Welcome to the Community View section of the website. This area is dedicated to articles of interest, community information and local topics that are submitted by members of the public or guest writers. It is also the main section dedicated to the Youth Media Group Project.
Large crowds gathered on the quayside to welcome the sailing vessel Haabet into port. A fair was organised to make the most of the event.
The 101 year-old tall ship Haabet was purchased from Denmark and made a journey to her new home of Blyth across the North Sea. The ship was purchased with a grant from the Heritage Lottery Fund to be re-fitted in order to recreate a journey made by Capt William Smith in 1819 to Antarctica in a major community project. It will play a starring role in the forthcoming Tall Ships Festival.
Blyth Battery, the military and local heritage museum, held their annual “Blyth Battery Goes to War” event. Re-enactments, with plenty of pyrotechnics, and displays of military vehicles and weapons make this a popular and well-attended event.
Meggie’s Burn playing fields was the venue for the annual Kite Festival. This colourful weekend festival was attended by experts from as far afield as Holland and Belgium.
Punch Drunk Comedy held the sixth of their monthly comedy events. The movement has received a lot of good press and the gigs are now rapidly sold out.
The 2nd annual Northumberland Live! festival was held on the Links. A large stage was constructed which played host to ten acts, headlined by Toploader and Doctor and the Medics. The all-day event was completely free and attracted a crowd of thousands. A talent contest was held ahead of the event which gave local artists the chance to be selected to perform on the big stage.
The huge tall ship Stavros S Niarchos sailed into port and held an open day ahead of next year's Tall Ships Festival.
Author Debbie Taylor was invited to Blyth Library to talk about her work. This was one of many regular events such as this at the library.
The whole of Blyth was taken over for a weekend by the annual Maritime Festival and Town Fair. A funfair was set out on the market place from Friday to Sunday while the quayside was the location for the finish of the inaugural Yachting Plate race between Amble and Blyth, a rowing club skiff race, live music stage and a grand parade of sail. Street performers and craft stalls also added to the spectacle.
Blyth Battery, The Keel Row Shopping Centre and Active Northumberland’s sporting and fitness centres held their usual variety of activities for young people during the summer holidays.
The Blyth Town Team became the Blyth Development Trust. This will allow them to build on the work they have already undertaken, which resulted in a third place award in the British High Street Awards Coastal Communities section.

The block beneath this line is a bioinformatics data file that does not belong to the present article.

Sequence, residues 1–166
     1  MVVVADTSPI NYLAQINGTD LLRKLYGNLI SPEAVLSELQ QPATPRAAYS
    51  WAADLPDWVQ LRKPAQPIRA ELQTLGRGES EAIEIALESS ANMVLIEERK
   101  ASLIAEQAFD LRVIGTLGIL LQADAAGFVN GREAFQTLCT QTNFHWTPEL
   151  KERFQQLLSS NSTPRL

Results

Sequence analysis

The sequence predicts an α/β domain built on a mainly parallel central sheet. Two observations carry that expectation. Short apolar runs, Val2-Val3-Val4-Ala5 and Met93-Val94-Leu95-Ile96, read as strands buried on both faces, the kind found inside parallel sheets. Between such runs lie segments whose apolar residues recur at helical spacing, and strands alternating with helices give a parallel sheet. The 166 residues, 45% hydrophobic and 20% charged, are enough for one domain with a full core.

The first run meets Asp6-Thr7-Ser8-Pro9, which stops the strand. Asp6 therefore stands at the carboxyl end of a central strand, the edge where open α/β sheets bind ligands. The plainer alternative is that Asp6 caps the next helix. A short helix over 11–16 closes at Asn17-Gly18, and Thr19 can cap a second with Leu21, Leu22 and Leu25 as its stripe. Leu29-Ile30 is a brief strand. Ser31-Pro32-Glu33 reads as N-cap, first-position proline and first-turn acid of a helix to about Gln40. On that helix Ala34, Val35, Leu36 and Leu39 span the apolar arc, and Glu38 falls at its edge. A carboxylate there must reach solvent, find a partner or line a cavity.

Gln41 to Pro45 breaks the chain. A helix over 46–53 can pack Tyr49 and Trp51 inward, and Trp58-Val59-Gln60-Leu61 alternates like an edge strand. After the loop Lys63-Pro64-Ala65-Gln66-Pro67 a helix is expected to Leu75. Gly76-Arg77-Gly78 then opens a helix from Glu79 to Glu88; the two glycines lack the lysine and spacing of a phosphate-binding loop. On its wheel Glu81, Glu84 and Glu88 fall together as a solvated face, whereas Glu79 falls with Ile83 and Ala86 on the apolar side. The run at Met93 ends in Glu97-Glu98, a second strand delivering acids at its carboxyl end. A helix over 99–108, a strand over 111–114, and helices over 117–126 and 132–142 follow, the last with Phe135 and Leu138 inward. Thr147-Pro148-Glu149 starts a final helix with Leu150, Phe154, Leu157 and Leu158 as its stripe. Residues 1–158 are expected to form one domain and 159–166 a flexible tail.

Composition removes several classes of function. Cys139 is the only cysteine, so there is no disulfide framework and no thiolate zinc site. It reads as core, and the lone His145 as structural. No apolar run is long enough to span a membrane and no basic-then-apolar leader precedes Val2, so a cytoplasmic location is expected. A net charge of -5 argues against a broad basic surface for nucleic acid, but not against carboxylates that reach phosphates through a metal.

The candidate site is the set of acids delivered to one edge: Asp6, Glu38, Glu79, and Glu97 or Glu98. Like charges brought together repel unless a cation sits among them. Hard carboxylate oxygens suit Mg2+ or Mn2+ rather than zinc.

The No1 Michael Jackson tribute act played at the Mecca Bingo Hall and Nightclub.
The Wallaw a former art-deco cinema now a Weatherspoon’s Bar and Restaurant was the recipient of the prestigious CAMRA design award.
The Blyth Rugby Club held their annual Beer and Cider festival over the bank holiday weekend, with lots of family activities thrown in for good measure.
Possibly the largest and greatest event in Blyth’s history happened this summer when the finish of stage 4 of the Tour of Britain cycle race was held on Waterloo Road. The stage was held between Edinburgh and Blyth passing through the picturesque Northumberland countryside and historic towns. Vast crowds filled the market place throughout the day and reported a fantastic atmosphere. They were entertained by a large screen, on which the race was broadcast live, a velodrome and a bed push event. Shops and cafes decorated their premises for the event in county-coloured painted old cycles.
The RNLI staged their fundraising Family Funday down on the quayside where they have premises and a shop. This has also become an annual event.
St Cuthbert’s Church hall was opened to the public for the Heritage Open Days weekend and staged an exhibition about Blyth’s most famous former resident strongman Willie Carr.
Blyth Olympic Legacy events were held in the market place. These had all the usual fun things to-take-part-in for all the family, and a funfair, but with an emphasis on sporting activities, such as an inflatable sporting arena.
Ridley Park won the best park in Northumbria in Bloom awards.
Showaddywaddy played to a packed audience at the Phoenix Theatre. One of many top acts and theatre
performances, amateur and professional, hosted weekly. The theatre had been awarded the Queen’s Medal for Voluntary Service earlier in the year.
The quayside was once again full to capacity with up to 15,000 people enjoying the annual Fireworks and Lighting spectacular.
Other photographs courtesy of Linda Wilson and Doug Rutter